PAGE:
Theo has reached that lovely stage where it is virtually impossible to get anything done while he’s awake and on the prowl, and he is in this wakeful, prowling state for the vast majority of the day. Yes, son, you can pull yourself to a standing position. That does not mean you SHOULD do so on everything of appropriate height, nor that you should pull everything within arms reach onto your head/face/toes. Nor should you remove your hands and try to walk away – newsflash: YOU DON’T KNOW HOW TO WALK.
When you have a little person thinking shenanigans are hilarious and necessary, you bake less, you cook less, and you clean more. Because if you skip the cleaning, all the dirt will be attached to that sticky little person who is constantly stuck under the kitchen table, giving the toilet an amorous hug, or finding snacks where only little arms can reach under the fridge or stove.
Popsicles are a really good solution when you need to make a snack that entertains a baby. We have bright colours, good smells, food he can sample, loud blender noises…what’s not to love for a baby?! These also happen to be healthy popsicles, so you won’t feel bad about giving your baby a lick or two on a hot day, and the rest of the family can eat as many as it takes to cool down :)
When I want to make popsicles I invariably make Homemade Fudgsicles or just pour my leftover morning smoothie into popsicle molds, so when I received 200 Best Ice Pop Recipes to review, I had a really hard time narrowing down what to make first!
My kids and husband love popsicles, so this book gave me some much needed creativity in that department. If you don’t have popsicle molds, now is the perfect time of year to buy some, as I’ve seen them on sale everywhere for less than $5 and making them yourself is way cheaper and healthier (and more fun) than buying popsicles!
I settled on making these Carrot Orange Less Drip Ice Pops because less drip sounded like a good thing and fruit and veggies are definitely good things! Mine didn’t turn out quite as orange as the original, probably because I used carrots from my garden, which are much lighter orange than the big storebought ones. And much more cuddly.
If your kids, like mine, think using carrots to make popsicles more orange is really cool, they will love this recipe. If they do not think carrots are cool, make them when they’re not around and call them Orange Popsicles, because once these are done they will absolutely never know the difference.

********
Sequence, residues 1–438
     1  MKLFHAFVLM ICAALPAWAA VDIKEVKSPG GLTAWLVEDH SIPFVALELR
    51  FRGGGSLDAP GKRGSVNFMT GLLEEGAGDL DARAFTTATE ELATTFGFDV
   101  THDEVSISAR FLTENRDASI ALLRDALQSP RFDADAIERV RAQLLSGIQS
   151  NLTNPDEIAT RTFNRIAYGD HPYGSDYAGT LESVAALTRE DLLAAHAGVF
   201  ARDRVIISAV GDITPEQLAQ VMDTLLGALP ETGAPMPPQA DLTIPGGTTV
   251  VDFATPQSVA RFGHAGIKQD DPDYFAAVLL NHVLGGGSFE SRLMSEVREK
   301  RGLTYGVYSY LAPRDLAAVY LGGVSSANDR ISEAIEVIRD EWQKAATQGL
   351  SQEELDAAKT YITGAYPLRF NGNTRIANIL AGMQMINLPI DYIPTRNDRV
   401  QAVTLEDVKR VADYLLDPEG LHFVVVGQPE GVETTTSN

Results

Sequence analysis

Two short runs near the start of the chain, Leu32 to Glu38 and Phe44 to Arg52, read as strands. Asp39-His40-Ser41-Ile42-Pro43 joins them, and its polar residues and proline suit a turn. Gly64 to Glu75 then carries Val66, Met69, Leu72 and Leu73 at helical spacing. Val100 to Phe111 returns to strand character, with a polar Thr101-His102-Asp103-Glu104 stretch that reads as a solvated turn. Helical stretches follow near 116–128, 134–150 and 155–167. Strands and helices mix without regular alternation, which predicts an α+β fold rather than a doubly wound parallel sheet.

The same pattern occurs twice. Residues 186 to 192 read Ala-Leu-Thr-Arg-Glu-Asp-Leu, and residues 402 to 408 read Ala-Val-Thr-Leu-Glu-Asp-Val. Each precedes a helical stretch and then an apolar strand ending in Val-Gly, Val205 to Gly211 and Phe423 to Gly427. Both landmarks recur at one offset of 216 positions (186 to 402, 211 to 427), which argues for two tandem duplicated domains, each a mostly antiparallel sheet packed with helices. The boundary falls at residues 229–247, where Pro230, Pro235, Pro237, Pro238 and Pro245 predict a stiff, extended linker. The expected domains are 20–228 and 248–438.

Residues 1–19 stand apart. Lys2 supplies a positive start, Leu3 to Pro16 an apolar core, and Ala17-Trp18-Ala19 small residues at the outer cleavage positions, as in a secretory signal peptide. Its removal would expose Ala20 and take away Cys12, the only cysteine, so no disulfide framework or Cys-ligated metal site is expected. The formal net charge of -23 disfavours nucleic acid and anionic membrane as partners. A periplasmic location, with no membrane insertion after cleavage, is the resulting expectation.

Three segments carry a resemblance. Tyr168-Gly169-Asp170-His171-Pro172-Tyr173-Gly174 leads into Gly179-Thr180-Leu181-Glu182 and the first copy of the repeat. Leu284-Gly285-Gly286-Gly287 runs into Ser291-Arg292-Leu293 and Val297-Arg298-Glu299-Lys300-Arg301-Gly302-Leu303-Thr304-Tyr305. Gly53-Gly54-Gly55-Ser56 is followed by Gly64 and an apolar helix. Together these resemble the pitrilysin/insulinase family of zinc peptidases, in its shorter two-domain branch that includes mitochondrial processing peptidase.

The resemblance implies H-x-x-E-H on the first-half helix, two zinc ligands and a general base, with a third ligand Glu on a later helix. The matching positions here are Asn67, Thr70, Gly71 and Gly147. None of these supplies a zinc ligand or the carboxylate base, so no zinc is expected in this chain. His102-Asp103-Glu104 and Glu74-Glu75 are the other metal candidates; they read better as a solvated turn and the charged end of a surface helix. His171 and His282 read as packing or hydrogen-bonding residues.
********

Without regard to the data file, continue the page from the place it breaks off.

Here’s the really orange version:
And my less-orange version:
The only change I suggest is adding orange or lemon zest to the mixture to up the citrus flavour even more. Orange is a pretty mild citrus flavour, especially if you’re not using fresh-squeezed juice, and popsicles are best with as much flavour as possible.
These delivered in the no-drip department thanks to a tablespoon of gelatin in the mix, and as for the flavour, Gemma declared she liked them better than fudgsicles, so yeah, they’re good. Mind you, she’ll take fruit and veggies over chocolate any day, so she may not be the best judge :) Perfect for a hot day as we head into the last bits of summer, these are a treat you can feel good about!
If you love popsicles, you need to check out thise book – with 200 recipes ranging from Strawberry Sangria Ice Pops to Raspberry Meringue Ice Pops to Pink and White Layered Ice Pops for Valentine’s Day, you’re bound to find something for everyone. Every recipe includes tips, along with extensive information at the beginning of the book with everything you need to know about making, storing, unmolding, and flavouring ice pops.
I can’t even imagine having a mind that creates 200 flavours of ice pops – I wish I could think of 10 versions on my own! My popsicle molds will be getting some heavy use for the remainder of the summer, thanks to this book.
- 1 1⁄2 Tbsp unsweetened gelatin powder (I used 1 Tbsp, as that was the amount in one package)
- 2 cups orange juice, divided
- 3⁄4 cup chopped carrots
- 1 cup water
- 3 tbsp granulated sugar
- 2 tbsp honey
- In blender, purée carrots, 1⁄2 cup (125 mL) orange juice and water. Transfer to a saucepan and stir in sugar and honey. Bring to a boil, reduce heat and simmer for 3 minutes.
- Meanwhile, in a large measuring cup, sprinkle gelatin over 1⁄2 cup (125 mL) orange juice. Set aside until gelatin is softened, about 3 minutes.
- Place sieve over gelatin mixture and strain carrot mixture into it, pressing out as much juice and pulp as possible. Discard solids. Whisk until gelatin is thoroughly dissolved, about 1 minute. Whisk in remaining 1 cup (250 mL) orange juice. Set aside to cool.
- Give mixture a quick stir. Pour into molds and freeze until slushy, then insert sticks and freeze until solid, for at least 4 hours. If you are using an ice pop kit, follow the manufacturer’s instructions.
- Makes about 8 2-oz popsicles.
Excerpted from 150 Best Ice Pop Recipes by Andrew Chase © 2013 Robert Rose Inc. www.robertrose.ca Reprinted with publisher permission.
*I received a copy of this book from the publisher for review. All opinions are, as always, my own. Recipes and image used with permission.
Interesting…I don’t know if I would have picked popsicles with carrots in them as my first choice. You are obviously healthier than I am :) As for colour, I do believe that yours look more ‘real’ so I vote for yours!
Haha, my kids drink veggie/fruit juice blends all the time and you can’t taste the veggies at all!